Brent crude fluctuated near its highest level in nearly a month after OPEC, Russia, and other major oil producers agreed to historic production curbs over the weekend, but some analysts still forecast continued oversupply. After revisiting nearly two-decade lows in late March, international benchmark Brent crude and US benchmark WTI prices have staged a choppy uptrend over the past week as traders have weighed production cuts versus crashing demand. After Thursday’s virtual meeting, OPEC, Russia, and other major producers (collectively known as OPEC+) cut a deal to reduce supply by 9.7 million barrels per day over the next two months, with Russia and Saudi agreeing to match each other’s reduced production levels. Mexico held out but eventually agreed to a more modest supply cut than their peers. Saudi also hosted talks with G-20 energy ministers over the weekend, which resulted in the US, Brazil, and Canada acknowledging output declines, though these are characterized as distinct from OPEC’s voluntary reductions. Today, President Trump and Saudi officials suggested that the cuts, combined with filling petroleum reserves, the total effective supply reductions/diversions will be nearly 20 million barrels per day. Still, analysts question whether even these large production cuts can balance the dramatically oversupplied oil market, which has seen demand collapse amid the coronavirus pandemic. – MPP view: Durable stabilization of oil prices would be a win (so far so good), and there is no reason not to jawbone crude prices higher. We’ll see what Texas comes up with in the next few days as they discuss curbs for the shale patch, which would be a welcome surprise, but isn’t likely.
Debate Over Reopening the Economy Heats Up – President Trump asserted the right of the federal government to declare a reopening of businesses and schools across the US but state governors who responded tended to differ with this assessment. Governors of Washington, California, and Oregon announced that they would be teaming up to jointly strategize about restarting more normal levels of economic, educational, and social activities, as did the governors of New York, New Jersey, Pennsylvania, Delaware, Connecticut, and Rhode Island. Frameworks for reopening will be rolled out over the coming days. This comes amid speculation that Dr. Fauci, who has been a leader of the White House’s Covid-19 task force, may be facing dismissal. The White House denied this speculation and Dr. Fauci today noted that activities could resume “in some ways” in May. Meanwhile, in Europe, the EU Commission is said to be pushing for coordination across its member states on the timing and procedures for restarting the regional economy. – MPP view: Data needs to help inform the policy decisions about relaxing some of the lockdown measures currently in place. Experience overseas shows that a secondary spike in infections is a substantial risk, even where symptom tracking and contact tracing is far more unified and rigorous than it is in the US.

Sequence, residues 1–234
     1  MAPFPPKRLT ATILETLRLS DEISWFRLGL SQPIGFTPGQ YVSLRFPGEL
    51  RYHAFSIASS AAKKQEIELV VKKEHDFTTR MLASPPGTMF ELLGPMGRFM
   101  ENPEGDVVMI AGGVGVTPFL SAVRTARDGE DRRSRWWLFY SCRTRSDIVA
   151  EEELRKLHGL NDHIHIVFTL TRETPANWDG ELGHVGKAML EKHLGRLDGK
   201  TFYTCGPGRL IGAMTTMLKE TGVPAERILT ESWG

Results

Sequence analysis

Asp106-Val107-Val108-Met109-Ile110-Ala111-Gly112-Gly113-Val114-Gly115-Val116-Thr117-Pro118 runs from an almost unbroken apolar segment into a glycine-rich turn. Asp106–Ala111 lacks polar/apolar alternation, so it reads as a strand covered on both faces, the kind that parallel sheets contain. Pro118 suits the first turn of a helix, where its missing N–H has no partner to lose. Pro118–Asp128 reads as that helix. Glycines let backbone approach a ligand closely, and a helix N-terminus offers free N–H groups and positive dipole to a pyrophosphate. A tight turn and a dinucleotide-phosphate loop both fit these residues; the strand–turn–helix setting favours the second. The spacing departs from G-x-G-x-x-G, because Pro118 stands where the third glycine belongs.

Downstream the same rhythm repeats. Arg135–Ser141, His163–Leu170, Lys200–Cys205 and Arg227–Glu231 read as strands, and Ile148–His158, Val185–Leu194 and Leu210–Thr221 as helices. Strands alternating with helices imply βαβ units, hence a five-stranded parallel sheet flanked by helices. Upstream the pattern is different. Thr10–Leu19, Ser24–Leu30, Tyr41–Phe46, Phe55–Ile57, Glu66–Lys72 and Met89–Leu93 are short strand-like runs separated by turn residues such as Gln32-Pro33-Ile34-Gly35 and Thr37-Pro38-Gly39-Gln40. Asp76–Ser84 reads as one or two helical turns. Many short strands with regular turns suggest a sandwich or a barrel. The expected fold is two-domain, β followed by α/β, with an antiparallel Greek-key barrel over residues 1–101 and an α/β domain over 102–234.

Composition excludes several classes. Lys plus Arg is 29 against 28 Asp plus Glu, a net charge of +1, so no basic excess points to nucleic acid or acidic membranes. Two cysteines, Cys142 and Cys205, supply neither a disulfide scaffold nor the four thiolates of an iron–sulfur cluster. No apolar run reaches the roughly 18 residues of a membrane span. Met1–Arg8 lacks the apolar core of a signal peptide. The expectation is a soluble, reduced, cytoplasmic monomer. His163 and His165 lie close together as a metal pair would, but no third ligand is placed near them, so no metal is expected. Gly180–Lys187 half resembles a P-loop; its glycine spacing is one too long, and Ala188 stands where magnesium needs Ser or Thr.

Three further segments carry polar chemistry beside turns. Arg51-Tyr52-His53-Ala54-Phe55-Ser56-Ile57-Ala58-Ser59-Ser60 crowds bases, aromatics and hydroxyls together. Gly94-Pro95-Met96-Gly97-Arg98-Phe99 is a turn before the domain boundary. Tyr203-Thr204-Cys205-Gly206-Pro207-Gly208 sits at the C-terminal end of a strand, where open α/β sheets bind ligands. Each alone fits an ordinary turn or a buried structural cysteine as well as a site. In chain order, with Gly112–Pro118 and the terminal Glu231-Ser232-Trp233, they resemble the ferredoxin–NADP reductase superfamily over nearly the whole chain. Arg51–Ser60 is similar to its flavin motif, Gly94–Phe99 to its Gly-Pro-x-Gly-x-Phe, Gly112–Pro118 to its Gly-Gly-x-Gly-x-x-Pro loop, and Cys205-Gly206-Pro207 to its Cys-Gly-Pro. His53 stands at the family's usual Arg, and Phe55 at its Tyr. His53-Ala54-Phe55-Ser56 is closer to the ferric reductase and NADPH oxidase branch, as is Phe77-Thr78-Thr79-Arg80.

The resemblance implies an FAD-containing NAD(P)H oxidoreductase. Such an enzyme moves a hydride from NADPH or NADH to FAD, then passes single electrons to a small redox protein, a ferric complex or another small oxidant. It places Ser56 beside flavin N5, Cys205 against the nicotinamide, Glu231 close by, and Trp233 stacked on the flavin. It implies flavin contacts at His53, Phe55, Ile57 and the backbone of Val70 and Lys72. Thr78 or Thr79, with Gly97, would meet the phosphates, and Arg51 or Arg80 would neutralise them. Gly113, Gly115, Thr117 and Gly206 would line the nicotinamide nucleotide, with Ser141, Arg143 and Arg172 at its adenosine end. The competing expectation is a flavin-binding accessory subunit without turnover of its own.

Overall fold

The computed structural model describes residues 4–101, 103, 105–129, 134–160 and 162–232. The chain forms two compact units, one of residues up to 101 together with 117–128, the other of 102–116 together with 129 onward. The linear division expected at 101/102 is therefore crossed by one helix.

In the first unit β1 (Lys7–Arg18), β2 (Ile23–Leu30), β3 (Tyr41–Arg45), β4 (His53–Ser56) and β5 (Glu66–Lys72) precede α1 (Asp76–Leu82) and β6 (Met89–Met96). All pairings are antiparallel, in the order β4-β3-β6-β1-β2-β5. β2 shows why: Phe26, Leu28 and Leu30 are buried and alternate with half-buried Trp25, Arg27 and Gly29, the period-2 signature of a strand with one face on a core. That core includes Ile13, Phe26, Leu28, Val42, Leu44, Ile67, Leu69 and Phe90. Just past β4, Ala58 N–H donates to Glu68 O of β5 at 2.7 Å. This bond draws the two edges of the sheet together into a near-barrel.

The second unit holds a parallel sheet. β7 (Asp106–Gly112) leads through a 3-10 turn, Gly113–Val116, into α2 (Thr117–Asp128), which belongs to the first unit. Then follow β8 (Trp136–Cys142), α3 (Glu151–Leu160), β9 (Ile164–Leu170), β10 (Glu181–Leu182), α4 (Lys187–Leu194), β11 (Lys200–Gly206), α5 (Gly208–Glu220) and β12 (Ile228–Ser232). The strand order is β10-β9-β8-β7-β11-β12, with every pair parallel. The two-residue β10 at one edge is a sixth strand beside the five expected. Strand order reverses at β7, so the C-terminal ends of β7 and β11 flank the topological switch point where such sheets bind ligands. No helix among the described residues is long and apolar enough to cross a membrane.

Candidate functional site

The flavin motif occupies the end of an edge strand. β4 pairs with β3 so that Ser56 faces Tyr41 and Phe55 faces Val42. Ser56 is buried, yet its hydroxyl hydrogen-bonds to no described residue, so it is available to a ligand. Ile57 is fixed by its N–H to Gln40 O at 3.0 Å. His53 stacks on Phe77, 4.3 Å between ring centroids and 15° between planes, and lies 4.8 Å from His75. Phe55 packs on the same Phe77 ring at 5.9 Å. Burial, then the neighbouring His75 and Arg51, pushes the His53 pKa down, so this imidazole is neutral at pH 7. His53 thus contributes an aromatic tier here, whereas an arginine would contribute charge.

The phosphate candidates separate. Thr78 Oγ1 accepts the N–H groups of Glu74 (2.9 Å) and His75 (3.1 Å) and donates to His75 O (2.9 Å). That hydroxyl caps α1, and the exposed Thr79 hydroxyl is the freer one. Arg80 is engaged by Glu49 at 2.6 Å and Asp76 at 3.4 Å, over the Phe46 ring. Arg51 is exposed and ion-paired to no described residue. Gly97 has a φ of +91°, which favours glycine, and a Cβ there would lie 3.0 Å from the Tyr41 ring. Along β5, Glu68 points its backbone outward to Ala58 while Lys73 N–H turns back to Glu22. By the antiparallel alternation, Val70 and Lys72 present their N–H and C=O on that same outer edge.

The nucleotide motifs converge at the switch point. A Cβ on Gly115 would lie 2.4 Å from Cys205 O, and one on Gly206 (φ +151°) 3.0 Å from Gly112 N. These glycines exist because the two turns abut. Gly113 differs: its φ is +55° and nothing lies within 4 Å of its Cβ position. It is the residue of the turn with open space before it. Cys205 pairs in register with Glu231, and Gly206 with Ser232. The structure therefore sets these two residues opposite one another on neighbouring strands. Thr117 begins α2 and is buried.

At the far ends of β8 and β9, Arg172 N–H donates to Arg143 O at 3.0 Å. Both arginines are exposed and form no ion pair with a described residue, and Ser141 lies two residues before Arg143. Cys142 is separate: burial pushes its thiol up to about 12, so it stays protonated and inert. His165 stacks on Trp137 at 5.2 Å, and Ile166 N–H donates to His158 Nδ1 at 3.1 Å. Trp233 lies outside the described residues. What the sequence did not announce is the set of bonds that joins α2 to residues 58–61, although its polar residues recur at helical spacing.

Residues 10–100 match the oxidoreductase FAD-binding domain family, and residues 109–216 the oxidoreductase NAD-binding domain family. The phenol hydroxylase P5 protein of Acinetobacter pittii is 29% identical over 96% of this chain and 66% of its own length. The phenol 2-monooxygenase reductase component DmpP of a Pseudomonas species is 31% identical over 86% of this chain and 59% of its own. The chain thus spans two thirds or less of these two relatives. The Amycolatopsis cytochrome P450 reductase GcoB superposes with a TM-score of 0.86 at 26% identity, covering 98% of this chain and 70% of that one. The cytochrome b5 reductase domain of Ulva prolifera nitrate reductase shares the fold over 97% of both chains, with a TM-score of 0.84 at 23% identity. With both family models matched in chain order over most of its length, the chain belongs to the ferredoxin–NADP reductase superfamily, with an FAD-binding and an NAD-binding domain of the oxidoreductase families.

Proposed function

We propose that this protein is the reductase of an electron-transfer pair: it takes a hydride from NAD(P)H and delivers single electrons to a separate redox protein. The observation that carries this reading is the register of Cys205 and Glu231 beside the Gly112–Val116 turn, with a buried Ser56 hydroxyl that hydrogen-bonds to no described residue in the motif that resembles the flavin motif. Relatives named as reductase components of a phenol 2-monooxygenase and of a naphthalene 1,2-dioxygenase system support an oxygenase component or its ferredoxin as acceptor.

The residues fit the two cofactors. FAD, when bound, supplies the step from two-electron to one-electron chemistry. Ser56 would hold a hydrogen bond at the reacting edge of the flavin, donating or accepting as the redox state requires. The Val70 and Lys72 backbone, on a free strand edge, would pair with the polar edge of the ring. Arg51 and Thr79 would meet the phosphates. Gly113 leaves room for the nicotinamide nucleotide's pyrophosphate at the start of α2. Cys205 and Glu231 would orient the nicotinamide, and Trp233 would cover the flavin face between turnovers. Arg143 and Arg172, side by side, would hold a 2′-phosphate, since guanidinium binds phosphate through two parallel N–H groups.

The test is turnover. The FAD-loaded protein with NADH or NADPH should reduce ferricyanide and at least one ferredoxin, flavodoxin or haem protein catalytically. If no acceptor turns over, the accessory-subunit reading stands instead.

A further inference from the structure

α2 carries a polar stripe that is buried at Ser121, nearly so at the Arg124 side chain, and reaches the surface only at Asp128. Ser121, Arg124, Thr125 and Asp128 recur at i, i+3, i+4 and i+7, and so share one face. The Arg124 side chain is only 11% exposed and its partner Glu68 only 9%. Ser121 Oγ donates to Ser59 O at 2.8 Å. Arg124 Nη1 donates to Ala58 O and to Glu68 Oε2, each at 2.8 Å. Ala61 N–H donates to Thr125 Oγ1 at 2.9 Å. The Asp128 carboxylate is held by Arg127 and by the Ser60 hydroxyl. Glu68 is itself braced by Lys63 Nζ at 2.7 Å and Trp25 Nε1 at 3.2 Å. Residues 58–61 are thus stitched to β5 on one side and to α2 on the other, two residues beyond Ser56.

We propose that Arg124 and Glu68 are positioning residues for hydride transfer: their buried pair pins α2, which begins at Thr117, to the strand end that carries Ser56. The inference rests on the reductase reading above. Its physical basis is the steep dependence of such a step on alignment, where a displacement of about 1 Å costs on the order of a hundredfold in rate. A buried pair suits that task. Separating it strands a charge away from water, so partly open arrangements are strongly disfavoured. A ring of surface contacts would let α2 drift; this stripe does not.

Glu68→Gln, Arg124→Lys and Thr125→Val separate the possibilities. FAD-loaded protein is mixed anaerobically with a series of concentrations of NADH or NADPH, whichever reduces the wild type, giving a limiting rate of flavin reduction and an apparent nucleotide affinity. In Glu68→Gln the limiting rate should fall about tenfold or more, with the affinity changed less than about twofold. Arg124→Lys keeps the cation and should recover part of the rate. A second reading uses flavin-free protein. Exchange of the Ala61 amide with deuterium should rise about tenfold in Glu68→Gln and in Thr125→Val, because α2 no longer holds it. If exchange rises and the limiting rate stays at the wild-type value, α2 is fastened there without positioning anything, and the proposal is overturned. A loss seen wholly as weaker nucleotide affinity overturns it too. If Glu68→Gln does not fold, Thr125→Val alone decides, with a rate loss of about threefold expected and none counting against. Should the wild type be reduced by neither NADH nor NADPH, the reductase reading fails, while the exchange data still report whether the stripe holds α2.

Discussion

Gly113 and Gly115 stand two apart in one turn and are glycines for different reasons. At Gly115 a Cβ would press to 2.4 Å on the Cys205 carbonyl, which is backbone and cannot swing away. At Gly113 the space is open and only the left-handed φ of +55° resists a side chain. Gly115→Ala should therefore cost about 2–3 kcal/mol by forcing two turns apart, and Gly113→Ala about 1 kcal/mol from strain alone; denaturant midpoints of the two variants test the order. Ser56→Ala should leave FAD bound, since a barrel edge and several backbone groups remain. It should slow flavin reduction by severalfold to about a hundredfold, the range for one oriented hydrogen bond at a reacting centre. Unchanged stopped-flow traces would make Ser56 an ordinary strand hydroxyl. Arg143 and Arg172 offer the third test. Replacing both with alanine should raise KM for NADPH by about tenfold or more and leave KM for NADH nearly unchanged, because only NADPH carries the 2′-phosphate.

Airline Stocks Relapse Amid Bailout Wrangle – As Treasury Secretary Mnuchin and US airline heads debate the requirements of federal funding support, investors sold the stocks of the carriers today to the tune of 5-8% losses, reversing a modest rally in the sector. Mnuchin is pushing for 30% repayment of the grants within five years and has insisted that this is not a bailout.